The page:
Plaintiffs in the class action lawsuit A.B/Trueblood v. DSHS filed a motion last night in U.S. District Court seeking a Temporary Restraining Order (TRO).
The TRO would prevent the Department of Social and Health Services (DSHS) from violating the Court’s order requiring DSHS to ensure that competency restoration treatment is provided in a therapeutic environment similar to what is found at state psychiatric hospitals. Instead of creating a plan to increase capacity at the state psychiatric hospitals, DSHS developed a competency restoration program in a Yakima jail wholly unsuitable for treating people with mental illness.
“The use of jails to treat people with mental illness is inhumane, and a plain violation of the Court’s order. It is an unsafe practice that is further evidence of this State’s continued disregard of its legal obligations,” said La Rond Baker, ACLU-WA Staff Attorney.
The underlying lawsuit was filed in 2014 on behalf of people with mental illness languishing in punitive jail conditions while awaiting court-ordered mental competency services. Under state law, whenever a person with mental disabilities is determined incompetent to stand trial, the trial court orders the state psychiatric hospitals to provide treatment to restore competency. DSHS is the only entity that can provide these services to class members.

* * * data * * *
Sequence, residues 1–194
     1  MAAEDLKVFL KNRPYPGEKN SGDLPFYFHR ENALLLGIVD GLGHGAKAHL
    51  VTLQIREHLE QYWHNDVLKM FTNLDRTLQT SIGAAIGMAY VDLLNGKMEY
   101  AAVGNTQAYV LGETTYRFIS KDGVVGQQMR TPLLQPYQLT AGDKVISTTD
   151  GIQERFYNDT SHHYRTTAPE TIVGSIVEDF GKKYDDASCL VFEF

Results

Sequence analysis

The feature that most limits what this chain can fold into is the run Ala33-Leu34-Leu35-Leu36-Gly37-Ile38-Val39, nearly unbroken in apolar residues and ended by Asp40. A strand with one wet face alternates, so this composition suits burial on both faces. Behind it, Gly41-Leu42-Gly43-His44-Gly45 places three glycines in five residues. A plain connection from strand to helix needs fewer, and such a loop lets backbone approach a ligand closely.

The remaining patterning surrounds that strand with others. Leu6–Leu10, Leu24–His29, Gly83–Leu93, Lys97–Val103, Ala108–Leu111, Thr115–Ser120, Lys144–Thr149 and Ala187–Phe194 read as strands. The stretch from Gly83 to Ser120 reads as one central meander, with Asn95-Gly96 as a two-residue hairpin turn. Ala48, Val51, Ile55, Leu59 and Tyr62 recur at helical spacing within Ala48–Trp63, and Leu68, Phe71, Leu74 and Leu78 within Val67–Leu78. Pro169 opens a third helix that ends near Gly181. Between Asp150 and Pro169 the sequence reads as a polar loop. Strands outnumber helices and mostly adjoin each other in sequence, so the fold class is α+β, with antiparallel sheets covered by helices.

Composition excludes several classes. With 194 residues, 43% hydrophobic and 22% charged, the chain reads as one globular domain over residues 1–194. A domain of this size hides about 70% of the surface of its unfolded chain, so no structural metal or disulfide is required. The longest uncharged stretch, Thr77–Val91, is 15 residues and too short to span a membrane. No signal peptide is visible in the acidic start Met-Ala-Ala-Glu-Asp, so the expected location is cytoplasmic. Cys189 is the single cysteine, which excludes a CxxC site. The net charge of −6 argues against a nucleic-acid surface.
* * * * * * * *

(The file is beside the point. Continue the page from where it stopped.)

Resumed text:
Representing the plaintiffs are the ACLU of Washington, Disability Rights Washington, the King County Department of Public Defense, and Carney Gillespie Isitt PLLP.
The motion filed last night arises from DSHS’ failure to comply with the Court’s order in A.B./Trueblood, which required that the state transport class members entitled to competency restoration services to a state hospital within seven days. Earlier the Court had also ordered that DSHS stop violating constitutional rights by keeping people with mental illness awaiting trial in jails for prolonged periods and thereby increasing the likelihood of significant deterioration in their mental health.
The use of the Yakima jail facility is the first time such a program would exist in this state. The Court, the Court Monitor, and Plaintiffs have all expressed serious and repeated concerns regarding the proposed jail-based restoration program. Now that the facility is up and running, these concerns are critical: the facility is simply not prepared to house people with serious mental illness, and using it creates a dangerous risk to people with mental illness assigned to receive competency services there. For example, the jail is staffed by corrections officers and has not been retrofitted to address vital safety concerns.
“DSHS has rushed to implement an experimental program without thinking it through. The result is that class members will receive inadequate care and suffer very serious harm. DSHS pursued this course of action even though its own expert found that jail-based restoration was not appropriate for Washington State,” said Emily Cooper, Staff Attorney for Disability Rights Washington.
Doug Honig, ACLU-WA